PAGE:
Ocean carriers have reached the limit of slowing the speed of their ships to soak up surplus capacity and must now cull services and idle more vessels to rebalance the container market, Alphaliner said.
Extra slow-steaming is firmly rooted on almost all long haul routes and is currently absorbing around 750,000 20-foot equivalent units, or 4.9 percent of the world container ship fleet, according to the container market analyst. The total capacity absorbed through additional slow steaming has increased slightly in the past six months with rising bunker prices.
But the positive effects on overall fleet employment have been offset by the closure or suspension of several long haul service loops that were already operated on extra slow-steaming, Alphaliner said. The benefits of lower fuel consumption from slow-steaming have reached a limit, with any further slowing down of sailing speeds unlikely to yield significant cost savings.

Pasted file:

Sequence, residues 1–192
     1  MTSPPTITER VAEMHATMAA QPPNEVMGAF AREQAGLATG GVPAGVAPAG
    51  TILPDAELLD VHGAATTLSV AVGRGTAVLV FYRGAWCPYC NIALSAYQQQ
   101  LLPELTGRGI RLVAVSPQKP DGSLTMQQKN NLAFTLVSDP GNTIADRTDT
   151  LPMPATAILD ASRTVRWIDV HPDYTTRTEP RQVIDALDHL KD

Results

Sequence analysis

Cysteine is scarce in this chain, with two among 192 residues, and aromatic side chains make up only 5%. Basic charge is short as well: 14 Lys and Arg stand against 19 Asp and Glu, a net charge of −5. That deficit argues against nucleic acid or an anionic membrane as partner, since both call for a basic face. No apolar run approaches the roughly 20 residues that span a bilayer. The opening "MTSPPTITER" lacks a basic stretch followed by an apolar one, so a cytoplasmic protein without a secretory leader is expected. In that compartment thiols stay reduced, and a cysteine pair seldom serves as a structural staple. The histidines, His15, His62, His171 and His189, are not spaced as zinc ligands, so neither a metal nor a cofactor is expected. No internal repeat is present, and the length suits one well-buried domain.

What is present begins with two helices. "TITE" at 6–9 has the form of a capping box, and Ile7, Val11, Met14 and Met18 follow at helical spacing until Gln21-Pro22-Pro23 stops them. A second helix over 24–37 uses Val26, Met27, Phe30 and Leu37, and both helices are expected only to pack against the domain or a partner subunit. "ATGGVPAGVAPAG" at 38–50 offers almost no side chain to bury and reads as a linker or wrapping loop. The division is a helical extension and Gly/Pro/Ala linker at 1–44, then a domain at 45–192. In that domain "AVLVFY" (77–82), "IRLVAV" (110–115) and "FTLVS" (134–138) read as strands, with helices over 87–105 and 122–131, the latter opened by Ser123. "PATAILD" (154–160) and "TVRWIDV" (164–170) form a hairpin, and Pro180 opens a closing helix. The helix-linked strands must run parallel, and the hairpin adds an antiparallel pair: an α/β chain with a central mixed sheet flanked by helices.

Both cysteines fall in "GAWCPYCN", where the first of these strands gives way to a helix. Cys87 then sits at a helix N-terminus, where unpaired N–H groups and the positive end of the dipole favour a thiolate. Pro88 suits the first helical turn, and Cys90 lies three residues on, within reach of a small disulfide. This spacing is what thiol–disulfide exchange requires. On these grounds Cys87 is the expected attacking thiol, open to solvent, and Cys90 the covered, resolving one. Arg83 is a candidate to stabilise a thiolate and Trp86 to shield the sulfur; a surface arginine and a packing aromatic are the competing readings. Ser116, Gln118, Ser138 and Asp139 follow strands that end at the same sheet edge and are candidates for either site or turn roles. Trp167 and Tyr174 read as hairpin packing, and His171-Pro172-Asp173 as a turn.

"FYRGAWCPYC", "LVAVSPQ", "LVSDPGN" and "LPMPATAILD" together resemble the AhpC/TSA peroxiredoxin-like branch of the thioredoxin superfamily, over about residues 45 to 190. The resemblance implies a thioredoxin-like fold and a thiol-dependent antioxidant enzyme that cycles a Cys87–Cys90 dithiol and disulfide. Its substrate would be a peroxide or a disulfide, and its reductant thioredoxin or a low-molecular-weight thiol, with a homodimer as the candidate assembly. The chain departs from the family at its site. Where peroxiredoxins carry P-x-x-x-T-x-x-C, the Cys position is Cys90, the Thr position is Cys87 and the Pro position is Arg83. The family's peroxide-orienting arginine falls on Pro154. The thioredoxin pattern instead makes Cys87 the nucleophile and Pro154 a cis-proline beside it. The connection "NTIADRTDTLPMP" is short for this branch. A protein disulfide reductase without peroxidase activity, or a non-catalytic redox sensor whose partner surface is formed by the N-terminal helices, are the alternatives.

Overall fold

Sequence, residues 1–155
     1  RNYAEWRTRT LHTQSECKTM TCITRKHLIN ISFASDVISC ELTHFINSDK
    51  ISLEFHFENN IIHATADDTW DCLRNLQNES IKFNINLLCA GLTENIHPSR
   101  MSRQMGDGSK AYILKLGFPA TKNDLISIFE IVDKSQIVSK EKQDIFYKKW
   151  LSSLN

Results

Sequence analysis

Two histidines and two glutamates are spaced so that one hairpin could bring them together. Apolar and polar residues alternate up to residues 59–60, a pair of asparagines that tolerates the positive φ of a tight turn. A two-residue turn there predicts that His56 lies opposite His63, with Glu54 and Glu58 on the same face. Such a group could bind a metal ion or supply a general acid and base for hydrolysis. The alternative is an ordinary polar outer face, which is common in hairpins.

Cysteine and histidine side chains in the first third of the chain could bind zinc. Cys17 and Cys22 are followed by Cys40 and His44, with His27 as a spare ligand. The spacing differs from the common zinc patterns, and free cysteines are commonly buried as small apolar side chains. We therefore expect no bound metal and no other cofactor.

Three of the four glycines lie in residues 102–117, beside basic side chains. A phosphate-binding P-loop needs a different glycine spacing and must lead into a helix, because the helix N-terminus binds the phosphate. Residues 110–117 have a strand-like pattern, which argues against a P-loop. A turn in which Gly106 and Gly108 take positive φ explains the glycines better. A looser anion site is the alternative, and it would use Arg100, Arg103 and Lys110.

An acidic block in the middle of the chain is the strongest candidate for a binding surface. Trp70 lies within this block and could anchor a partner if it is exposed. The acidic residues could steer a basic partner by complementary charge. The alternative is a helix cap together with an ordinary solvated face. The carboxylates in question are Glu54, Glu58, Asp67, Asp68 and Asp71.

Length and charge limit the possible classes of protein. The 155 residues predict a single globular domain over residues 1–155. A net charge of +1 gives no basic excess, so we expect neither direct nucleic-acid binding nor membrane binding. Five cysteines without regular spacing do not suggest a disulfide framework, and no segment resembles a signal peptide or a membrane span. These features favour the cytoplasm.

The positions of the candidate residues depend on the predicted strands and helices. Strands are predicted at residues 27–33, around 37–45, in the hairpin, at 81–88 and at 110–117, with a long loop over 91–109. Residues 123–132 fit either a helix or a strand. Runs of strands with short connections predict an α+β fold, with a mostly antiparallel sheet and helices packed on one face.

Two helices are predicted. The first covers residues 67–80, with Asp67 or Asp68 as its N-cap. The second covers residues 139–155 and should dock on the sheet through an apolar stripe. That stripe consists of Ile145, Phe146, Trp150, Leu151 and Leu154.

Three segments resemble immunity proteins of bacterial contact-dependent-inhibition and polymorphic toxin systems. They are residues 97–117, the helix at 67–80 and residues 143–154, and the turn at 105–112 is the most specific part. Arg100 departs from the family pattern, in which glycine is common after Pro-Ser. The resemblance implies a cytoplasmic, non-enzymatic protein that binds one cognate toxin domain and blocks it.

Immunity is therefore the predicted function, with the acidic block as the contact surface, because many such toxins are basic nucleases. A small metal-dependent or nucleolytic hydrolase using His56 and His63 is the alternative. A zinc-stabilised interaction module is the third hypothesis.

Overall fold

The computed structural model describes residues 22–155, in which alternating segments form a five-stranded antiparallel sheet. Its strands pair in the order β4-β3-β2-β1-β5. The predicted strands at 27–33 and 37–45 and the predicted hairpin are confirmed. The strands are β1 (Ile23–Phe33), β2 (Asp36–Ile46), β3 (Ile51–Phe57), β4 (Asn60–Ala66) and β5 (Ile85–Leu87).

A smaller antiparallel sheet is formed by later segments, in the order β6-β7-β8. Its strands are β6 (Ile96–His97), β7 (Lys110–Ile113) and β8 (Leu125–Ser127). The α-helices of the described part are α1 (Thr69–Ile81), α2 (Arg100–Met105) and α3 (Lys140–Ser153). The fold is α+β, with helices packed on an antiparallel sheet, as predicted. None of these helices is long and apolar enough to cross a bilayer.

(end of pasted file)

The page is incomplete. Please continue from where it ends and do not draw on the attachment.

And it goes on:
“Carriers will need to manage the excess capacity situation in the coming months through the removal of further service loops and the idling of surplus vessels,” Alphaliner said.
The idle container ship fleet has increased to 676,000 TEUs from 595,000 TEUs at the end of 2011, according to the industry analyst.
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